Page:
In other words, the House Democratic campaign strategy and the Senate Democratic campaign strategy may run along separate tracks, one driving immigration, the other pushing the economy. One strategy could work while the other flops. That creates the possibility, however unlikely, for something completely unprecedented: a midterm election where Democrats and Republicans trade control of each congressional branch.

Obama, Blaming Congress, Says He’ll Go It Alone on Immigration

 NBC News

President Barack Obama said Monday that he is moving ahead with executive actions to address immigration after a sweeping comprehensive reform bill languished in the House for more than a year.

“I take executive action only when we have a serious problem, a serious issue and Congress chooses to do nothing,” he said. “And in this situation, the failure of House Republicans to pass a darn bill is bad for our security, it’s bad for our economy, and it’s bad for our future.”

Obama said that he is sending additional resources to the border to stem a growing tide of undocumented immigrants into the county and that he has directed his team to recommend further executive actions to slow deportations by the end of the summer.

The move was prompted after House Speaker John Boehner formally told the president last week that the House will not move on immigration legislation, a White House official said.

The president has been under intense pressure from immigration advocates to bypass Congress and address the high rate of deportations of undocumented immigrants. Last year, the Senate passed a sweeping immigration bill that would have offered a path to citizenship for many who are in the country illegally, but the GOP-led House refused to vote on the measure, saying that Obama could not be trusted to enforce the legislation’s border security rules.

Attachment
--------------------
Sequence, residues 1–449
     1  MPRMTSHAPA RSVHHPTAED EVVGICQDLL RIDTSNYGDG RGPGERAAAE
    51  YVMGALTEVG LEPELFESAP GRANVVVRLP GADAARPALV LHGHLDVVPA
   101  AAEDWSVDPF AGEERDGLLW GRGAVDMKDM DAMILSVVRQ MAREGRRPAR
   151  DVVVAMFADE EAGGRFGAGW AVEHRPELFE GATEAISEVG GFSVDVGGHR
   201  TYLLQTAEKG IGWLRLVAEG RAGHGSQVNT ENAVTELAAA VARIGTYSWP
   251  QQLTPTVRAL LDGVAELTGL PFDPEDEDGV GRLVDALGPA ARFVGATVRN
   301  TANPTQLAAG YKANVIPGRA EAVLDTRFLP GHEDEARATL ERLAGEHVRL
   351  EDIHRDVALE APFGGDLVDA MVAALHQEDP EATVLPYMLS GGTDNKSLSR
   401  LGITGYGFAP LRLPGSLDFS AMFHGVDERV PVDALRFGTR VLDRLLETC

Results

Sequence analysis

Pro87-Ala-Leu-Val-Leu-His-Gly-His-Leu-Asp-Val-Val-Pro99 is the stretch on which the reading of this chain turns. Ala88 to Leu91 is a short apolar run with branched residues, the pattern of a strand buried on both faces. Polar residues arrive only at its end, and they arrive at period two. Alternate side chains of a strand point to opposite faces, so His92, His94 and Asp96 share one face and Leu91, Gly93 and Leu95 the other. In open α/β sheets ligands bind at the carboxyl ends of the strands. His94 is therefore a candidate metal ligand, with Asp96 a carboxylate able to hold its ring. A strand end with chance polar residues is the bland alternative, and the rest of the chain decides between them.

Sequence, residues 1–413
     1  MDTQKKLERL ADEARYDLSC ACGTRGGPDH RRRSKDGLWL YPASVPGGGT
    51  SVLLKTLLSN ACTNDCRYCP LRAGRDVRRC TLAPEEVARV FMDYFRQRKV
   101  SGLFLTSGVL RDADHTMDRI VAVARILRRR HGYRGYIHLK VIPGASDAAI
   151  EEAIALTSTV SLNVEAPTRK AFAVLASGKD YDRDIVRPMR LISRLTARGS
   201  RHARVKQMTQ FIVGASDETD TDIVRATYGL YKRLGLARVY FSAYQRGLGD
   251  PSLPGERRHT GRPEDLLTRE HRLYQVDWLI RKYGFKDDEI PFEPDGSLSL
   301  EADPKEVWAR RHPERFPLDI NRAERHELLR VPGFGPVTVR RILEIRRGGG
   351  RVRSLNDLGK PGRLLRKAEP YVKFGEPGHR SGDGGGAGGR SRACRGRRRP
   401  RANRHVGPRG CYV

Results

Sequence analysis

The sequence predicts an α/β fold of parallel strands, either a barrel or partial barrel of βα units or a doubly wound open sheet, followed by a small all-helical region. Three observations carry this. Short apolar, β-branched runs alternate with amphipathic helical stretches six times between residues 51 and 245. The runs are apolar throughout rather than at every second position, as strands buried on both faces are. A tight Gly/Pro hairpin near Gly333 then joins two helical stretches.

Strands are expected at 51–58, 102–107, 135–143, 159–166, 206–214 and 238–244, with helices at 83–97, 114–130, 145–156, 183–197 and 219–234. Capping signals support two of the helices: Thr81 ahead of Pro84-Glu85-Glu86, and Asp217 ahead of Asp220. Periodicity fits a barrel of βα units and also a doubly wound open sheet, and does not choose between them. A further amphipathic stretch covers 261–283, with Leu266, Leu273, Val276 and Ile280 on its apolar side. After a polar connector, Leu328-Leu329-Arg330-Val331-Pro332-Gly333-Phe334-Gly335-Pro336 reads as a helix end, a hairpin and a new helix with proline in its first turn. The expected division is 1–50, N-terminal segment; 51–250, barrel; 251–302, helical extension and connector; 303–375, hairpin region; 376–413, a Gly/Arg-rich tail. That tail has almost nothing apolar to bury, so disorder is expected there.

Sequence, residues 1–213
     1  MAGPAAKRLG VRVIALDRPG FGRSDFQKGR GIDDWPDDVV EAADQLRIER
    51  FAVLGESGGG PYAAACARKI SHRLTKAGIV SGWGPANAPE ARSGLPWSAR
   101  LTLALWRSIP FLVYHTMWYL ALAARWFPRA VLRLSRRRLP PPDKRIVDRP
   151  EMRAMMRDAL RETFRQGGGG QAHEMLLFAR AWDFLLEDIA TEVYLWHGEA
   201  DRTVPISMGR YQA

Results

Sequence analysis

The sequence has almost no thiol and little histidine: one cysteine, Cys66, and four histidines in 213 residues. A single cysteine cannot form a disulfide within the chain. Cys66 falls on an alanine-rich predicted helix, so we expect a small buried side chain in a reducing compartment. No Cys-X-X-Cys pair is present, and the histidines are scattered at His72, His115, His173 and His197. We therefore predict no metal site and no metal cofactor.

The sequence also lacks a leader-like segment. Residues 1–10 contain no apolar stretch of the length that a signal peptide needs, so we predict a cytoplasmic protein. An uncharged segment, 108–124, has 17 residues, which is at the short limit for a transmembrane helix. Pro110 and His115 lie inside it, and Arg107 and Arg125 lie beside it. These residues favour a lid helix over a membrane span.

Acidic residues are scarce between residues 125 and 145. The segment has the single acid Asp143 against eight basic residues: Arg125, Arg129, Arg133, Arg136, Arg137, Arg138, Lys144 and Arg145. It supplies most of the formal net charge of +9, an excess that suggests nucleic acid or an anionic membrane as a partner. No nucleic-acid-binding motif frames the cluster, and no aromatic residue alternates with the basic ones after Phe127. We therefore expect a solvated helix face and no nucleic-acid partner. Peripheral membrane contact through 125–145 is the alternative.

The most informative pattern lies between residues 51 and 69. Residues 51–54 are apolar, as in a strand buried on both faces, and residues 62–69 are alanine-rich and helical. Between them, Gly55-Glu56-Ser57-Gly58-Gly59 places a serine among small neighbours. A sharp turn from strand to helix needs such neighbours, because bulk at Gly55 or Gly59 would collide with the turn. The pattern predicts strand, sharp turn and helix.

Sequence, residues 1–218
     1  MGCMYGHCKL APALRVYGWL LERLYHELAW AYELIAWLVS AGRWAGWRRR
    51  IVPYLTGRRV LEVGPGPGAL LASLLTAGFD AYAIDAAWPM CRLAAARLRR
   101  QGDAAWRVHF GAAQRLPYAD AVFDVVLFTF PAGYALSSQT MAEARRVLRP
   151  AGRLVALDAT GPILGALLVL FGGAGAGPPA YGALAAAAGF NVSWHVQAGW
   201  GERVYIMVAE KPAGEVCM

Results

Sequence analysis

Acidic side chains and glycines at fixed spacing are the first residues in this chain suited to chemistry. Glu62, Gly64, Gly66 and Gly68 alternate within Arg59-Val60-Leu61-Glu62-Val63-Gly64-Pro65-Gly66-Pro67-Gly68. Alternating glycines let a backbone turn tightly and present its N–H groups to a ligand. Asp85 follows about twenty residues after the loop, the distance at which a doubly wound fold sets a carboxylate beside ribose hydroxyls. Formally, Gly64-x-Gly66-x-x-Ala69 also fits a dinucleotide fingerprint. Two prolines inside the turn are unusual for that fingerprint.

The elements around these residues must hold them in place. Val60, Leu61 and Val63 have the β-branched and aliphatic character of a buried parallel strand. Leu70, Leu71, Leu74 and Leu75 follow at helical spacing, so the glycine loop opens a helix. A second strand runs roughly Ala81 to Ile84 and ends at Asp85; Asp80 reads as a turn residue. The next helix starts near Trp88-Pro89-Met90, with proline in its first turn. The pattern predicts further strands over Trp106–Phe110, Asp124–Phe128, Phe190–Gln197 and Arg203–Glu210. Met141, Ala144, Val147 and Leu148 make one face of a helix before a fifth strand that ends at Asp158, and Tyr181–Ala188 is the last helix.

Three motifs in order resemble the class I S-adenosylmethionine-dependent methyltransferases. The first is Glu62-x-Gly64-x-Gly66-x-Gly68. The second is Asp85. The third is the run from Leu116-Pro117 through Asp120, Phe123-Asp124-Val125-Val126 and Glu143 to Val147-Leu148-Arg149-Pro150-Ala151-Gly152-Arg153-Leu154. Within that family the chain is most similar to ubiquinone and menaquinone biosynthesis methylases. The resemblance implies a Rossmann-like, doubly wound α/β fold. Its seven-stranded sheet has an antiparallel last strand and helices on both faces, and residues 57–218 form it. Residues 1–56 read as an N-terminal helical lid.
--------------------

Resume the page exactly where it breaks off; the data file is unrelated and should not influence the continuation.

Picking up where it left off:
Rubio connects immigration, Benghazi

Marco Rubio Discusses US Anti-Poverty Programs

MSNBC

Sen. Marco Rubio (R-Fla.) played a prominent role in shaping the Senate’s bipartisan immigration-reform bill, and after hedging more than once, the Floridian ended up voting for the popular legislation. His follow-through, however, has been a little spotty.
In October, for example, Rubio predicted congressional Republicans would kill immigration reform because President Obama hurt GOP lawmakers’ feelings when they shut down the government. Three months later, it’s still not clear how or why that was supposed to make sense.
This week, Rubio presented a new reason why Republicans may decide to kill the reform effort.
Sen. Marco Rubio, a major player on immigration policy, said Wednesday that there was no chance now of passing a broad overhaul because Republicans have lost trust in President Barack Obama. […]
Rubio said the Obama administration has lost credibility as a result of how it handled the 2012 attack against a U.S. outpost in Libya and accusations that the Internal Revenue Service targeted conservative groups.
The senator specifically said he’s talked to Republican lawmakers who “pointed to the IRS scandal and the Benghazi stuff” as reasons to oppose immigration reform. As the argument goes, these controversies provide “evidence” that “undermines” GOP confidence.
There are two main problems with this.
 
The first is that the argument itself is predicated on a bogus premise: that President Obama routinely ignores laws he doesn’t like, so Republicans are disinclined to pass anything at all.
The argument first made the rounds last July, when it was thoroughly discredited.
The second angle has to do with the “scandals” Republicans claim to be outraged by. There is, of course, no IRS scandal and the allegations raised by conservatives have been proven to be wrong. Likewise, “the Benghazi stuff” refers to conspiracy theories unsupported by reality.
Indeed, I’m especially interested in the timeline. The deadly attack on the Benghazi outpost was in September 2012. A few months later, despite the far-right conspiracy theories, congressional Republicans began working with Democrats on immigration reform. Eventually, they reached a compromise agreement, and last summer, it passed the Senate. This week, House Republicans sketched out some reform ideas of their own.
Rubio, however, believes the effort will fail because of conspiracy theories from a year and a half ago? Because of an attack that occurred before he started working with Democrats on a reform package?